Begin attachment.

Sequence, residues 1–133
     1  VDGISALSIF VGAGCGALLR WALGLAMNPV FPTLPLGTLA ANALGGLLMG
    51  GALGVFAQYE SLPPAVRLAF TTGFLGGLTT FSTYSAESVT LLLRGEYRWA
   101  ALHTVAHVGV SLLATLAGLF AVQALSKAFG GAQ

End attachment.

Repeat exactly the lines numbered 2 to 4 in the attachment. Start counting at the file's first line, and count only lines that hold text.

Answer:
     1  VDGISALSIF VGAGCGALLR WALGLAMNPV FPTLPLGTLA ANALGGLLMG
    51  GALGVFAQYE SLPPAVRLAF TTGFLGGLTT FSTYSAESVT LLLRGEYRWA
   101  ALHTVAHVGV SLLATLAGLF AVQALSKAFG GAQ